SAFe®: Four Key Things You Should Know

SAFe series

Many organisations have benefited from the transformational principals and pratices of Lean and Agile at the team level, but can these learnings be applied to large enterprises tasked with building complex solutions that potentially require hundreds of people to develop?

The Scaled Agile Framework® (SAFe®) is a knowledge base of proven, integrated principles and practices for Lean, Agile, and DevOps that help large organisations tackle the challenge of Agile at scale. SAFe was released in 2011 and is currently the most popular method for scaling Lean and Agile (as reported by the 12th Annual State of Agile report).

If you’re considering whether SAFe is right for your context, this is the first article in a five part series that will explore four key things you should know about SAFe.

Let’s begin our journey with an overview of the four elements, which we’ll explore in more detail in the subsequent articles.

1. SAFe is a Lean-Agile Framework

SAFe is a framework and frameworks are not cookie cutters. In other words you can’t just cut and paste SAFe on to your organisation. Rather you need to understand the underlying Lean and Agile values and principles that drive the framework i.e. the ‘why’, and apply them appropriately within your context. In this way the values and principles will act as the all important compass on your journey.

While the Lean influence in the framework is embodied by the House of Lean, the Agile influence comes from the Agile Manifesto.

pillars house lean
Four pillars of the House of Lean.


The House of Lean, which is based on the Toyota Production System, is a classic metaphor for describing the values that are essential for Lean thinking.

The Agile Manifesto contains four values and twelve principles, and the many and varied Agile practices help provide the foundation for empowered, self-organizing teams.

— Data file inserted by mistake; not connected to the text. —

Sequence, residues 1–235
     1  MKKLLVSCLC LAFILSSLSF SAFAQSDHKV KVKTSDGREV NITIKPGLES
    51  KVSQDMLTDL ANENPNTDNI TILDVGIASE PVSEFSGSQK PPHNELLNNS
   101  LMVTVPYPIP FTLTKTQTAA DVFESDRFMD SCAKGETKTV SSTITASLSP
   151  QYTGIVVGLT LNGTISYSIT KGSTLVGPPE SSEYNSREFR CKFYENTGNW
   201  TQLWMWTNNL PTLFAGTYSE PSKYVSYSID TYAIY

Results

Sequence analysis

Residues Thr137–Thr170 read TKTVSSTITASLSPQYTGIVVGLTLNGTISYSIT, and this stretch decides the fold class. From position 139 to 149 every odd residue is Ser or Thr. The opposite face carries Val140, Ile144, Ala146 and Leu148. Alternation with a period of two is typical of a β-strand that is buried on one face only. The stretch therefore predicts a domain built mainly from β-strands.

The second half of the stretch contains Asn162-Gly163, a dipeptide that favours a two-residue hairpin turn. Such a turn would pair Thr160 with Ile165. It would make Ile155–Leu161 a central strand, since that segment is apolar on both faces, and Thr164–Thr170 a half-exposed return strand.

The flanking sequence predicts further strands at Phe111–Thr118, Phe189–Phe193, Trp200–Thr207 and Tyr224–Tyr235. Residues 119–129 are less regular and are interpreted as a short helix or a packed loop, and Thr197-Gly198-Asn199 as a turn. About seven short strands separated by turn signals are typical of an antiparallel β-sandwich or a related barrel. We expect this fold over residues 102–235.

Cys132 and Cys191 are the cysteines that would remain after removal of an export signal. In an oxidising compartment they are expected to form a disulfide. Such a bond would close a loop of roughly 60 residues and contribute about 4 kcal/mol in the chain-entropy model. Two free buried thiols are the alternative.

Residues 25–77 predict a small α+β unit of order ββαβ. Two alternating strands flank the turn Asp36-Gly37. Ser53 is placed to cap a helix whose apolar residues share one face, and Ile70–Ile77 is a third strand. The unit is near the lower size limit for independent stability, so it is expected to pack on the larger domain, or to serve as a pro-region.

SAFe extends the Agile team by creating a team-of-Agile-teams, which is known as an Agile Release Train (ART).  An ART can have between 50 – 125 people, and is a key SAFe construct in aligning and coordinating teams to ensure they continuously deliver value to their customers.

Agile Manifesto four values
The four values of the Agile Manifesto.


2. There are Four Configurations of SAFe

SAFe is a configurable framework, and the entire framework can be visualized in a single image, which is known as the Big Picture.

SAFe configurations

You will notice from the Big Picture that the framework is broken into four levels – Team, Program, Large Solution and Portfolio. In addition to these four levels, SAFe has four configurations and the levels form the basis of these configurations, including:

  1. Essential SAFe – this includes the Team and Program levels and is the starting point for implementing SAFe.  Essential SAFe describes the most critical elements needed to realize the majority of the framework’s benefits.  Only after implementing Essential SAFe and building a strong Lean and Agile foundation would you consider the other three configurations.